Drinks News

A quiet place to experience a Japanese-style tea ceremony in inner-city Melbourne

In a city known for its boutique coffee, there's a place that's offering specialty green tea sourced from a seventh-generation plantation near Kyoto.

By Audrey Bourget
Rie Ohnuki at Harvest Index.
There's a sense of calm that descends as soon as you step into Harvest Index. The tea studio, located on Johnston Street in Melbourne's Collingwood, looks part-modern Japanese teahouse, part-chemistry lab. Olive-green velvet curtains cover the walls, and in the middle of the room stands a handsome stone bar. It's the heart of the studio's operations, where customers can take part in a 30-minute tea ceremony, and purchase Kyoto-harvested teas from the leading Japanese retailer.
"We wanted to provide a space that was welcoming and comfortable," says Lachlan Sinclair, who created the concept and space with business partner Benjamin Wright under their design agency LVDI. "We want people to feel it's worth making the time for a tea ritual."
A traditional Japanese tea ceremony is highly ritualised, with as much emphasis on participants' gestures (washing hands, bowing) as the consumption of tea. Harvest Index offers a modern ceremony where tasting is the focus. "It's a simplified Japanese ceremony that's tailored for the customer," says Wright.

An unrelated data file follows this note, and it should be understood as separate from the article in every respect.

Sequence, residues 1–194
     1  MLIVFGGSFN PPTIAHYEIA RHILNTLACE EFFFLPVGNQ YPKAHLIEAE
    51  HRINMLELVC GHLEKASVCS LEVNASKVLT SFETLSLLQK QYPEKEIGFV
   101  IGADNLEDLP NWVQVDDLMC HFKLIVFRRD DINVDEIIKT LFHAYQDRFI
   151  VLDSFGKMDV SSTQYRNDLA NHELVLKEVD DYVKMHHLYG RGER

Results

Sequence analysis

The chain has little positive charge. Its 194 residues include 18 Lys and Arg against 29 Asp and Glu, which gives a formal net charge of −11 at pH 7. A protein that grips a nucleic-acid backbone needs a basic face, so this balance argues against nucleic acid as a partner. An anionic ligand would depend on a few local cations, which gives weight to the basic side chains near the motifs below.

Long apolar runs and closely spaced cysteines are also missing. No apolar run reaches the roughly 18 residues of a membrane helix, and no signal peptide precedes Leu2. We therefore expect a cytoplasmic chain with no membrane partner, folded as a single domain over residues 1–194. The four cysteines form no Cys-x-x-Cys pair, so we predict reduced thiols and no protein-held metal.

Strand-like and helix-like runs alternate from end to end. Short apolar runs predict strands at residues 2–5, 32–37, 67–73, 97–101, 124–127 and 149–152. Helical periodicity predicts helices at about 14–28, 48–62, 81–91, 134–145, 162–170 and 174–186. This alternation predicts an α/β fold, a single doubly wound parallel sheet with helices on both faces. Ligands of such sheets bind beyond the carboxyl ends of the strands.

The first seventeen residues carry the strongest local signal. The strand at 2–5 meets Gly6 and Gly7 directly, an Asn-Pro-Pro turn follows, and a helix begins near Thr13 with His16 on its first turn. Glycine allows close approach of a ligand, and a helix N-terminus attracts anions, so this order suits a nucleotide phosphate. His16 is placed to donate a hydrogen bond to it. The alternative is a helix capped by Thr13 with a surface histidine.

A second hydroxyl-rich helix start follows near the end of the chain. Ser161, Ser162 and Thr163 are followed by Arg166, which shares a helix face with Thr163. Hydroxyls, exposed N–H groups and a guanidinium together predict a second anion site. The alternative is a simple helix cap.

Matcha tea powders at Harvest Index. Photo: Supplied
Rie Ohnuki, the studio's tea ceremony specialist, inquires after your tea and taste preferences (bitter, sweet or umami; green, black or matcha), and when you intend to drink the tea. Matcha, for example, has a high caffeine content, and is best enjoyed in the morning – the stimulant is released slowly throughout the day, and helps to maintain alertness. Hojicha, a low-caffeine option, is ideally consumed in the evening for unwinding at the end of the day. Depending on your preferences, Ohnuki selects and brews up to four teas to sample.
The exterior of Harvest Index. Photo: Supplied
Despite Melbourne's reputation for boutique coffee roasters and laneway cafés, Sinclair says the local market is also very discerning with its tea. "Our assumption was that matcha would have been the most popular, but that wasn't necessarily the case," says Sinclair. "Hojicha and genmaicha have really resonated with our audience so far."
The teas are sourced from the same seventh-generation plantation in Uji, a mountainous region south of Kyoto renowned for its high-quality tea. And that quality comes at a cost – a 33-gram box of their deluxe-grade matcha retails for $88. The studio also sells tea equipment – thermometers, chasen (the bamboo whisk used to make matcha), Hario drip-brew tea systems – for serious home brewers.
"We're very excited about encouraging people to take part in the ritual, and taking the time for themselves," says Sinclair. "It's something to take pride in."
Harvest Index, 74 Johnston St, Collingwood, Vic, Wed-Sun 10am-6pm. Bookings are recommended for tea ceremonies, which are free of charge. harvestindex.co